BY CBS NEWS: Theacross the country is forcing some families with type 1 diabetes to go north to buy the medication. From 2012 to 2016, the price of insulin in the U.S. — and last weekend, about a dozen people took a bus 817 miles from Minneapolis, Minnesota, to London, Ontario, to buy the life-saving drug.
“For us, insulin is like air — it’s like oxygen, we need it,” said Deb Souther, who has lived with Type 1 diabetes for 46 years.
Souther says she uses three vials of insulin a month. Even with insurance, she’s paying more than $700 a month for medicine she can’t live without. “It is very very worrisome, even with insurance, if you only have one vial or two vials sitting in your refrigerator,” she said. (read more)
BY MICHELE DEBCZAK: Thirty million Americans—about 9 percent of the country’s population—are living with diabetes mellitus, or simply diabetes. This chronic condition is characterized by sustained high blood sugar levels. In many patients, symptoms can be managed with insulin injections and lifestyle changes, but in others, the complications can be deadly. Here’s what you need to know about diabetes mellitus.
1. THERE ARE THREE TYPES OF DIABETES.
In healthy people, the pancreas produces enough of the hormone insulin to metabolize sugars into glucose and move the glucose into cells, where it’s used for energy.
But people with type 2 diabetes—the most common form of the disease, accounting for about 95 percent of cases—either can’t produce enough insulin to transport the sugars, or their cells have become insulin-resistant. The result is a buildup of glucose in the blood (a.k.a. high blood sugar or hyperglycemia). Type 2 diabetes typically develops in adults. (read more)
BY JAMIE PITLICK: Wandering through the grocery store, it is easy to be overwhelmed by the numerous brands and health claims on the dozens of sugar substitutes. It can be particularly confusing for those with diabetes or pre-diabetes who must keep their blood sugar in check and control their weight.
With the growing diabetes and obesity epidemic, there has been increasing awareness around the use of added sugars in foods. The most recent edition of the U.S. Dietary Guidelines for Americans recommends that added sugars should be kept to less than 10% of the calories consumed, which turns out to be roughly 270 calories per day.
This is because “added sugars” add sweetness or flavor but add very little nutritional value. Because of this trend, the food industry has embarked on a quest to find or develop the perfect substitute to replace sugar – with the same taste and none of the calories that lead to weight gain. (read more)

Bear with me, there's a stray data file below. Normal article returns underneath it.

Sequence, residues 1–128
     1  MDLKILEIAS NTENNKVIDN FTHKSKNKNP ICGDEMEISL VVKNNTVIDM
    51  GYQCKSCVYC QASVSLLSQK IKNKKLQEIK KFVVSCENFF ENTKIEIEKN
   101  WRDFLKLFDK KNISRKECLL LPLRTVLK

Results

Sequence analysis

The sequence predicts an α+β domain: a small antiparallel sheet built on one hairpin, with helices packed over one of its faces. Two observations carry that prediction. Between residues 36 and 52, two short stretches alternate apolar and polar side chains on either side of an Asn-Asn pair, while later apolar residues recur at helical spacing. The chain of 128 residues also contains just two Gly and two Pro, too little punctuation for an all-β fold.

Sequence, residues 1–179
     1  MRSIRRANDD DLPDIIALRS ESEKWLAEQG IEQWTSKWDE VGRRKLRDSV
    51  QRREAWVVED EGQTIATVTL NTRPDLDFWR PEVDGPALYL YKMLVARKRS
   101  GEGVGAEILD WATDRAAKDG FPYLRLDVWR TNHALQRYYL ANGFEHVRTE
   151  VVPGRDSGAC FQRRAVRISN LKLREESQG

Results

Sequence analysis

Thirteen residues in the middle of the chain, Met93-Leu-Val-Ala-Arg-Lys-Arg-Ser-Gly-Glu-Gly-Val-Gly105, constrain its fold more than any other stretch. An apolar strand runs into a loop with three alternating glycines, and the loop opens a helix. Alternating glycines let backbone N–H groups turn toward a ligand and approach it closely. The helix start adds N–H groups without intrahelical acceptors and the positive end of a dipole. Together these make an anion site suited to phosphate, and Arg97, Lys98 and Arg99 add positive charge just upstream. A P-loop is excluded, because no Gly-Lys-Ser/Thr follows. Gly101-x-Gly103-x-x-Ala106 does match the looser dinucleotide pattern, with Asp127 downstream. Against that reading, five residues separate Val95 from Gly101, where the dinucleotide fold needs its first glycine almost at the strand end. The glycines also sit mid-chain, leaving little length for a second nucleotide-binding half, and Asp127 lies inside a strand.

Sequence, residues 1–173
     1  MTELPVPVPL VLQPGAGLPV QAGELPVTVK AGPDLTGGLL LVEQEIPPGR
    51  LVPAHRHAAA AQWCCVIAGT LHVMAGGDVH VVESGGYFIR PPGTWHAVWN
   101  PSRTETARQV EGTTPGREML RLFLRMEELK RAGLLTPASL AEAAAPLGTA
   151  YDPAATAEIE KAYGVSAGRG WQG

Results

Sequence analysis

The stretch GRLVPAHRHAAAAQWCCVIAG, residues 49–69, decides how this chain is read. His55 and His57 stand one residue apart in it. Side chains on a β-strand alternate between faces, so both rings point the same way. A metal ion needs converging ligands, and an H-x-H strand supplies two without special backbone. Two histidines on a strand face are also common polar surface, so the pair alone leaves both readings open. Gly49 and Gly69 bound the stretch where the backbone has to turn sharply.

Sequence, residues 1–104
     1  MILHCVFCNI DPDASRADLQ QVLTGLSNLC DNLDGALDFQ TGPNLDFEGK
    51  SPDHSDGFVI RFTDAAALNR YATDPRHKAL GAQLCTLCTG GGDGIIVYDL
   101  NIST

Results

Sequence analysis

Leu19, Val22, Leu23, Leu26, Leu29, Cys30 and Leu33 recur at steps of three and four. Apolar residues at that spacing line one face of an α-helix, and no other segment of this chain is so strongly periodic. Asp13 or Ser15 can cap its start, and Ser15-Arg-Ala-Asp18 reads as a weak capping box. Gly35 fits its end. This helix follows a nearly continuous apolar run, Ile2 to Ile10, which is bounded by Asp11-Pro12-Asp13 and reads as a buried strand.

BY THE ENDOCRINE SOCIETY: Antidepressants reduce deaths by more than a third in patients with diabetes and depression, according to a study published in the Endocrine Society’s Journal of Clinical Endocrinology & Metabolism.
People with diabetes are two to three times more likely to have depression than people without diabetes, according to the U.S. Centers for Disease Control and Prevention. Half to three-quarters of people with diabetes and depression go undiagnosed, despite therapy and medicine being very effective.
“The incidence of major depressive disorder amongst individuals with diabetes is significantly greater than the general population,” said the study’s corresponding author, Vincent Chin-Hung Chen, Professor, of Chiayi Chang Gung Memorial Hospital and Chang Gung University in Puzi, Taiwan. “Diabetes and depression each independently contribute to increasing total mortality.” (read more)
BY JOSLIN DIABETES CENTER: A Joslin Diabetes Center study among people treated for type 1 diabetes for many years has discovered that a minority may have monogenic diabetes, a non-autoimmune inherited condition that in some cases does not require insulin treatment.
“Our finding has clinical implications,” says George L. King, MD, Joslin Senior Vice President and Chief Scientific Officer, and senior author on a paper describing the work published in the Journal of Clinical Investigation. “We are recommending that everyone under 18 who is diagnosed with type 1 diabetes be screened for monogenic diabetes, which is not being done at this time.”
This result is part of an ongoing research initiative among Joslin Medalists, who have lived with type 1 diabetes or insulin-dependent diabetes for at least 50 years. The Joslin team also reported other significant discoveries about the activity of insulin-producing pancreatic beta cells over time in this population. (read more)